“We’re a nation not just where you are free to believe or not to believe; we’re a nation founded for Him”: Rick Warren, Kathryn Jean Lopez, and the Theocratic Temptation

Kathryn Jean Lopez, of the National Catholic Register, offers a theocratic spin to the meaning of America (and Obama’s inauguration prayer):

Rick Warren reminded us why all eyes were on the Capitol steps that Tuesday afternoon: “in His name.”

We’re a nation not just where you are free to believe or not to believe; we’re a nation founded for Him — so we could praise Him, so we could do His will. Warren began his prayer as a gentle reminder to those privileged with seats and every Joe sitting on the steps of the Lincoln Memorial:

“Almighty God — our Father. Everything we see, and everything we can’t see, exists because of you alone. It all comes from you. It all belongs to you. It all exists for your glory.”

We’re not JUST a nation founded on the “freedom to believe or not to believe”?

Instead, we’re a nation “founded for Him” and to “do His will”—and to “praise Him”?

This is a gross distortion of the secular function of our Constitution, as stated clearly in the First Amendment:

Congress shall make no law respecting an establishment of religion, or prohibiting the free exercise thereof.

Whether one is religious or irreligious, the government’s civic neutrality regarding what constitutes service to “His” purposes and “will” is something that no religious sect, Christian or otherwise, should be able to infer (or enforce upon the nation, or declare) on behalf of the whole.

This is why Warren’s reference (in his inaugural prayer) to “Jesus” (which one, by the way?) and his recitation of St. Matthew’s “Lord’s Prayer,” was out of keeping with the civic, diverse, and multicultural nature of a national inauguration ceremony.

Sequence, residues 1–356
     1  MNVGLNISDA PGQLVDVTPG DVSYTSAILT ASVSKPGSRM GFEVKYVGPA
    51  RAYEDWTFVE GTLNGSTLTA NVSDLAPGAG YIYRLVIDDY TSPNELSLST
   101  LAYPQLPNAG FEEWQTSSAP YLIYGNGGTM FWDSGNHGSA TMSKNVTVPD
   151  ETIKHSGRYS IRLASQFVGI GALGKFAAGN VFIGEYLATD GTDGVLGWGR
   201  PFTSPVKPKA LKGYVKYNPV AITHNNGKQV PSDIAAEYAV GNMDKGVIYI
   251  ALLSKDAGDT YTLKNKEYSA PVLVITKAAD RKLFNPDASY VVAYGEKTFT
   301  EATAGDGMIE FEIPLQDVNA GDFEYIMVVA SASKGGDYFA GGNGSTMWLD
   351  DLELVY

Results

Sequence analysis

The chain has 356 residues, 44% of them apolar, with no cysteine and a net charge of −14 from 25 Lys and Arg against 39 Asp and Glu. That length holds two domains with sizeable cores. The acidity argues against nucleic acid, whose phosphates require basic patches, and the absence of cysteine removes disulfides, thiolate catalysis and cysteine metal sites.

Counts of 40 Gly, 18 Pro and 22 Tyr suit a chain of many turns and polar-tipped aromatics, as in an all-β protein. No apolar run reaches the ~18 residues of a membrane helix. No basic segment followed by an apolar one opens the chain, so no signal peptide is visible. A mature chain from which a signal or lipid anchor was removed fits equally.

In short, Warren took advantage of the privilege of offering a prayer at the inaugural, and disrespected his fellow Americans who are not religious fundamentalists, implying that the nation belongs to one particular God in one particular way.

But America is not in covenant with God in the way that, say, Israel is depicted as being in covenant with God in the Hebrew Bible. America was not formally founded to serve any specific religious purpose, or to move in any particular (religiously sanctioned) direction.

This means, for example, that American law can treat gay people with democratic and civic equality even if this is a “direction” that fundamentalist religious groups regard as going against the will of God as revealed in the Bible.

Those who assert otherwise, as Kathryn Lopez and Rick Warren do, distort the Enlightenment principles of religious (and irreligious) freedom and tolerance on which our nation was founded.

They are advocating, in other words, that we move from a nation based on diversity to one based on a covenant with a particular Deity (theirs). It is a theocratic vision for America, not a Constitutional and democratic one.

About Santi Tafarella

I teach writing and literature at Antelope Valley College in California.
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1 Response to “We’re a nation not just where you are free to believe or not to believe; we’re a nation founded for Him”: Rick Warren, Kathryn Jean Lopez, and the Theocratic Temptation

  1. GOBAN says:

    the article with a correct information . but tims wretten . evry body is knows it . so it is not new

    It was not the time to teach this ,it is the time to protect democray from invaders by using the rule of law
    culturs that against democray should be desolved . democracy , have a power to protect itslef but we are the one ignored the correct and using a forged democracy. that is why the jin dancing with us

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